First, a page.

The TV Veterans Behind Animal Kingdom Discuss the Brave New World of Peak TV

John Wells (L) and Jonathan Lisco (R). Photo: Anna Webber/2016 Getty Images

Last week’s upfronts, during which dozens of new shows were announced, were just the latest reminder that we are living in the age of Peak TV, with over four hundred scripted series scheduled to air this year. At this weekend’s Vulture Festival, Jonathan Lisco and John Wells, the creators of one of those shows, TNT’s new Animal Kingdom, discussed the difficulties of finding a space in an increasingly crowded and competitive marketplace during a panel discussion with Vulture movies reporter Kevin Lincoln. “Twenty or thirty years ago, you could really tell a qualitative difference between a feature film and television,” said Wells, a veteran of The West Wing, ER, Southland, and Shameless. “I would say now, basically all television shows need to present with the same kind of visual complexity and quality that feature films have.”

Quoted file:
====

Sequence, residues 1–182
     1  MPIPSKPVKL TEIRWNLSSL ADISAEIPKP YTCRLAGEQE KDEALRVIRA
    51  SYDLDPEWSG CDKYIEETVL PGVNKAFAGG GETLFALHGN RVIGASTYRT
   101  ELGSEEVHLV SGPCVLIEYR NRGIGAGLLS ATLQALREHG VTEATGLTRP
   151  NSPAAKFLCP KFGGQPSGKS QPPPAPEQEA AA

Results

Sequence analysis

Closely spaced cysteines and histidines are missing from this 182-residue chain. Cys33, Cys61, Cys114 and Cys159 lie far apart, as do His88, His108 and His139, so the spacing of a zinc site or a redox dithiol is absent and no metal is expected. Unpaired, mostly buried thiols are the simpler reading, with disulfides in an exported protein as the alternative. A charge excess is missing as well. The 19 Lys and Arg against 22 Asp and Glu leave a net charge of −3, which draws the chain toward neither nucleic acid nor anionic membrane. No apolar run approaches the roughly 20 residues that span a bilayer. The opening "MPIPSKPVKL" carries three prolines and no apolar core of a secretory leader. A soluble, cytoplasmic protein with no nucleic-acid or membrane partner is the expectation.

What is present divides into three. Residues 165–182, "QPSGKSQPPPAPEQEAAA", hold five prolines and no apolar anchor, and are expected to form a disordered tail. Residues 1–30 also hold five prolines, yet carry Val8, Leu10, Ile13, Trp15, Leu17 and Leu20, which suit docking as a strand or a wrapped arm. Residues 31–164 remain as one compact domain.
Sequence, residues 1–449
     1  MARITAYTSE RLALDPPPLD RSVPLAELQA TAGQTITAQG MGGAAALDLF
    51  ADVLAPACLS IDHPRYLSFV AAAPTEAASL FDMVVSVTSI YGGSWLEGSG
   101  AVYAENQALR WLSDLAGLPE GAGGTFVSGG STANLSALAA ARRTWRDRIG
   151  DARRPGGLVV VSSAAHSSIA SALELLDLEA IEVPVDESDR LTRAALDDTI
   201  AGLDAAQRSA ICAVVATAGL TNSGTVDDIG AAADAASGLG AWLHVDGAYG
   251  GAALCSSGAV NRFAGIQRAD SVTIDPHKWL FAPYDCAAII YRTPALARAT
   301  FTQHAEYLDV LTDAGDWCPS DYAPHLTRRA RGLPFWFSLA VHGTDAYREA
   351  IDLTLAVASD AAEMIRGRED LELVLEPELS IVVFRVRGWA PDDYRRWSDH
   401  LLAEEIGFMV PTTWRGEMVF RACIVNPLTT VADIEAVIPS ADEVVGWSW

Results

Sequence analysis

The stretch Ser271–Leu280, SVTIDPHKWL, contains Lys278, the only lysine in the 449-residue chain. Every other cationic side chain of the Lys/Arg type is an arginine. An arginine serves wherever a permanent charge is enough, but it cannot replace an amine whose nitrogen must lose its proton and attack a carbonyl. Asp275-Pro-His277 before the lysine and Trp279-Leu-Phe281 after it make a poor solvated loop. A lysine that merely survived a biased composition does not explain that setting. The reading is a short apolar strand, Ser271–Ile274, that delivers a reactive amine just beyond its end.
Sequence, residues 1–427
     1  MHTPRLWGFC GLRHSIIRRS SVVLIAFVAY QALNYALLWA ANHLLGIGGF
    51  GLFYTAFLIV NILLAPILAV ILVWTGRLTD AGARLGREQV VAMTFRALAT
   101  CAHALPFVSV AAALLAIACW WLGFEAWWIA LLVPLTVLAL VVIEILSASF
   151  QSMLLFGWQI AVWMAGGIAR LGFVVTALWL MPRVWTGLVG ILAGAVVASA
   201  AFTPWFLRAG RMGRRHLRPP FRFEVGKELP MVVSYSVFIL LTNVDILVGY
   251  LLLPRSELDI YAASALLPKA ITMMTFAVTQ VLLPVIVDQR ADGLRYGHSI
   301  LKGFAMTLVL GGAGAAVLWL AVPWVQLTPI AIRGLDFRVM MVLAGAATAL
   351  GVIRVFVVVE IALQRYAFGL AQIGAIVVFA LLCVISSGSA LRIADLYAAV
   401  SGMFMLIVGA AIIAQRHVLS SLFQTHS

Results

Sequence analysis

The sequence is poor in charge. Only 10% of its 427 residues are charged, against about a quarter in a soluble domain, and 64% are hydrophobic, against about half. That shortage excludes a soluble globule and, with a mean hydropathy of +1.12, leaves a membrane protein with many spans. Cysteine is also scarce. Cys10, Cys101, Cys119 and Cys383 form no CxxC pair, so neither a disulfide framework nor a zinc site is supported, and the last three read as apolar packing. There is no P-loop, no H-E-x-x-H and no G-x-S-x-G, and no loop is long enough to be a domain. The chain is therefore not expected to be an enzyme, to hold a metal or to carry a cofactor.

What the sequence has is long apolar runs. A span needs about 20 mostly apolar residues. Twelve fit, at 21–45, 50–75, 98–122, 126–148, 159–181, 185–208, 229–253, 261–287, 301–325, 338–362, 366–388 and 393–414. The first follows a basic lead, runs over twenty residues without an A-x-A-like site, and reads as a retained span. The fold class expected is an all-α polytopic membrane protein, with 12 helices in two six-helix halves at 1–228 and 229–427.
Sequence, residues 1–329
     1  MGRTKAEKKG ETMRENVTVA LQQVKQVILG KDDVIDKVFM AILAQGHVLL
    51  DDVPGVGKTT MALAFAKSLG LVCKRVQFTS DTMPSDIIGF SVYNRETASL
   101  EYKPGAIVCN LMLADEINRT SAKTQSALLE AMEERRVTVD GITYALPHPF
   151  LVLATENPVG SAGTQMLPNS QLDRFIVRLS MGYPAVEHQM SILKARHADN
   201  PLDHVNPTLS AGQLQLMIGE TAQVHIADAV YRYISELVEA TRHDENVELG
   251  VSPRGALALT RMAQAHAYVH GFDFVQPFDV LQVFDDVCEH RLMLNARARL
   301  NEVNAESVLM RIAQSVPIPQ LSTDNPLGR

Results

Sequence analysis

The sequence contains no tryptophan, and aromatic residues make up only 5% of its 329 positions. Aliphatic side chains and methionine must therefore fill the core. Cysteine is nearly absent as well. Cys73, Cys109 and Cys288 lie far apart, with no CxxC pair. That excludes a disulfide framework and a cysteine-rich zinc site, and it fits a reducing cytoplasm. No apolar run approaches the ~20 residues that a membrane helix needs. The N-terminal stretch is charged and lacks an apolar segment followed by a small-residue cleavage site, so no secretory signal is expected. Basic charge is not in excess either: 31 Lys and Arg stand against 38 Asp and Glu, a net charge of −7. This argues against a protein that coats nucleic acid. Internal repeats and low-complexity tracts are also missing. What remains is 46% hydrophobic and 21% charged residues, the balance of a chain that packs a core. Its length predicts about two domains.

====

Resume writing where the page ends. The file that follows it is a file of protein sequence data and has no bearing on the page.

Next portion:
Both men pointed out that, as studio films have become blockbuster-or-bust, television has usurped film’s place as the more prestigious medium. Lisco, who produced Southland and Halt and Catch Fire, noted that when he began his career writing for NYPD Blue, he hoped to graduate from TV to movies. "That was the brass ring, but then very quickly into my career, it morphed,” he recalled. “Not to say that there aren’t good feature films coming out — there are, but frankly not as many as I remember when I was a kid. So the real longform storytelling where you can go deep with character and not just wide with plot is happening in TV these days."

Wells added that, while the newly fractured audience has been a nightmare for networks in search of advertising sales, lower expectations for ratings have been a gift to more adventurous and obscure series. “There are shows that are getting picked up with a 1.8 rating — which, just to put it into perspective, when were doing ER, we traditionally got somewhere between a 29 and a 35 with 45 million viewers,” he said. “It’s great that there are shows that can get picked up with only a few million viewers because it means that the choice is out there for what you get to watch.”

Now, according to Lisco, a show’s creators have the freedom to stick to their own ideas without talking down to their audiences. Though, as Wells pointed out, that puts on extra pressure, too, because audiences have become more sophisticated and demanding. “The frightening thing when you’re doing this is that you have to decide what you’re interested in,” he said, “and then pray that a couple million other people are interested in that, too."